Marketing insights from the leading celebrations site for moms
October 08, 2013 · in Content Marketing
In a previous article, we looked at the advantages that crowdsourced content offers to brands, specifically those focused on reaching moms. Today, we take the opposite viewpoint and explore the downsides of crowdsourcing.
Crowdsourcing is a content marketing tool that uses free, consumer-generated content for promotional and product purposes. It has become a wildy popular practice for many brands, but there are many naysayers as well. Crowdsourced content can mean that brands spend more time editing and screening content, as well as accepting unwelcome feedback. And, even though it’s easy to think there’s never such a thing as too much content, there actually IS such a thing. Just because free content is available doesn’t mean it’s quality or even correct for your audience
What downsides do other companies need to watch out for when considering this marketing tactic? Let's explore these 5 cons of crowdsourced content:
1. User-generated content is cheap: Yes, this was also number one on our list of Pros, but all that is cheap is not always good. Brands can run into trouble if they trust their consumer too much with creating content. User-generated content should be consistent, relevant and edited. Unfortunately, all of that requires a human being (or two or three) to ensure what is ultimately shared with consumers is in line with the brand’s image and ultimate marketing goals.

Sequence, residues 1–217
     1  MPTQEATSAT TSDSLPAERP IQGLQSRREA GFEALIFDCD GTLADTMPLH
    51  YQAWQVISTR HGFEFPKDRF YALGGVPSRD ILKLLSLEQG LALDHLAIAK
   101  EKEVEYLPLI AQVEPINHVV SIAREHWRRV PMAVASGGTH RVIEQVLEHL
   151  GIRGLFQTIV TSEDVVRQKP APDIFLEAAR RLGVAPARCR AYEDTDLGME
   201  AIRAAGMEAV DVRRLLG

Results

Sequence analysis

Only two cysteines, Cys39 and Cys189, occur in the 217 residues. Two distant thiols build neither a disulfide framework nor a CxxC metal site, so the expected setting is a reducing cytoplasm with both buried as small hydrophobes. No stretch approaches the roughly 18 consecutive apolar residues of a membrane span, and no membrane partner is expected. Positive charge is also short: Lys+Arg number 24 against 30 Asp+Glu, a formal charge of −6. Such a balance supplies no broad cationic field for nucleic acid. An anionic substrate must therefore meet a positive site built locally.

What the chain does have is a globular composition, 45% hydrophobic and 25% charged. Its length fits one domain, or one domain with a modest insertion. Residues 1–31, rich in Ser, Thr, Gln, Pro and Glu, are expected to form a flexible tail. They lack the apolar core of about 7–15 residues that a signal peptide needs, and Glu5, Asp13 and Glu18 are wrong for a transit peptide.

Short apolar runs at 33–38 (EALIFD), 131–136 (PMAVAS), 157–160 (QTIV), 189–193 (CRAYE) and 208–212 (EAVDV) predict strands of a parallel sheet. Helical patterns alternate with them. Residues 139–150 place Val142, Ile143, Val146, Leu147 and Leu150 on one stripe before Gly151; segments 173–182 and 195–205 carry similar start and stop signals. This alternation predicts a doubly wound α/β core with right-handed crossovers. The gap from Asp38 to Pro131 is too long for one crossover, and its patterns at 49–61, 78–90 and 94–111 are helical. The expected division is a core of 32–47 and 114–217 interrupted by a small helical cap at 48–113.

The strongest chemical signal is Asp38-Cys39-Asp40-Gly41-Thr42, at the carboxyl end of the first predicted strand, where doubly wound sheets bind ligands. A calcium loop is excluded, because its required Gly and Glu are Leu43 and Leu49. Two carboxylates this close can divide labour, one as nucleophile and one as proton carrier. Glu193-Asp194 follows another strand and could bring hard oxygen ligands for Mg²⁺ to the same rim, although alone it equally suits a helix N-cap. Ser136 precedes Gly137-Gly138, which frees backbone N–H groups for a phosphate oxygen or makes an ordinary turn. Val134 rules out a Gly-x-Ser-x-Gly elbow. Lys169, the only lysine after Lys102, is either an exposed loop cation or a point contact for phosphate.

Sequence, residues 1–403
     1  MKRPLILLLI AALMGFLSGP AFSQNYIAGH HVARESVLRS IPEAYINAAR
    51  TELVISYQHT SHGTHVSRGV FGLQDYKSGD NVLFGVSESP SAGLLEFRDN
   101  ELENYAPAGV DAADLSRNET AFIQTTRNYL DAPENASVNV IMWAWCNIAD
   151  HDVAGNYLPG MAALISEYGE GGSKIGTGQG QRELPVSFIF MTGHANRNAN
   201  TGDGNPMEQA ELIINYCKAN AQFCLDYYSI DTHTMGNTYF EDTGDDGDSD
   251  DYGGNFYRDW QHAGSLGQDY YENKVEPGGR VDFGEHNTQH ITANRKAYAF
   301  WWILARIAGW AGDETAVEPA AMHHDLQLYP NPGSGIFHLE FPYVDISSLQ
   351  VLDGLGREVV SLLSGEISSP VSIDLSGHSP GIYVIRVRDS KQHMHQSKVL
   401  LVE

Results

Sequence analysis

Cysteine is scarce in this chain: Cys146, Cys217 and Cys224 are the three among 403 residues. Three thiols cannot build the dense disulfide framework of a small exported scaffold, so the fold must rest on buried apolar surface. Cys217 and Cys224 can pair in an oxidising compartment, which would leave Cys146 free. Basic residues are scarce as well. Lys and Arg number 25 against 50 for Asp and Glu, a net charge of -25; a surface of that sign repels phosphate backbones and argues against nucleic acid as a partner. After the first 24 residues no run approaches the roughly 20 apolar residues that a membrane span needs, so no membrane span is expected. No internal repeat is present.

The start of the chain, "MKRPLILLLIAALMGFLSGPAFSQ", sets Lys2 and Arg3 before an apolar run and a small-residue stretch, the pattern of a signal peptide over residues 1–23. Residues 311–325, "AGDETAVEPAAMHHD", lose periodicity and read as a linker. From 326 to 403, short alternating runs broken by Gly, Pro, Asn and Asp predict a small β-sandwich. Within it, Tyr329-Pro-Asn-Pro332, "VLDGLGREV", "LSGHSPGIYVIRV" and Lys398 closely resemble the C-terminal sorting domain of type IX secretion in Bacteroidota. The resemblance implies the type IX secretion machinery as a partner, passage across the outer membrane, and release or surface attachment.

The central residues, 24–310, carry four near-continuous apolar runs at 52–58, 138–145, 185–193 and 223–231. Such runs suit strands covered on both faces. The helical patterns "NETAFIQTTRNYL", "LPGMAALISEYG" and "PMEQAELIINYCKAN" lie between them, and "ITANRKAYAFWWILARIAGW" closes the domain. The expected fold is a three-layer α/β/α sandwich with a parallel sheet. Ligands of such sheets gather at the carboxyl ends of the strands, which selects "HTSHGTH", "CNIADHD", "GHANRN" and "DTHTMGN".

2. Risk of the negative: For moms especially, a negative experience with a brand can be extremely damaging in the way they perceive that brand. If you open yourself up to user content, you have to be ready to handle the negative content that comes your way. Sometimes it’s useful to make the product better but sometimes it brings to light serious problems or can create a firestorm of more negative attention if not handled properly.
3. Too much or too little: It is risky to depend on content that isn’t financially outsourced. You risk getting too much content that isn’t useful or too little that can’t be made to be useful. One customer review isn’t going to impact a product as much as fifty qualified reviews with lots of relevant information.
4. Crowdsourcing is a commitment: Spending the time and energy on a crowdsourcing marketing plan can make or break it. What is important is to make the commitment to sticking with it. Consumers come to rely on the user-generated content and you risk alienating them if it suddenly stops or slows down.
5. Creativity is key: Just because you can successfully capture crowdsourced content, doesn’t mean it will be interesting to the consumer. In order to make the content you’ve collected compelling, creativity has to come into play. It’s one thing to collect customer feedback, it’s a whole other ballgame to transform that feedback into an innovative campaign. For example, Doritos launched a user-generated commercial contest for the Super Bowl and required participants to “...break a bunch of advertising and marketing rules. Stop trying to break through with advertising and instead become the content this audience actively seeks out. Second, break the rest of the rules." The result was over 2,000 video submissions and more than one billion impressions.
For brands that focus on the mom market, it’s becoming increasingly more important for them to focus on cultivating the consumer. Mom bloggers, brand influencers and advocates and moms who use social media are creating their own content and other moms are listening. Rather than spending time and money on creatives that don’t work, experiment with crowdsourcing and user-generated content to make your brand stand out in a sea of competition.
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Posted by Jess Noble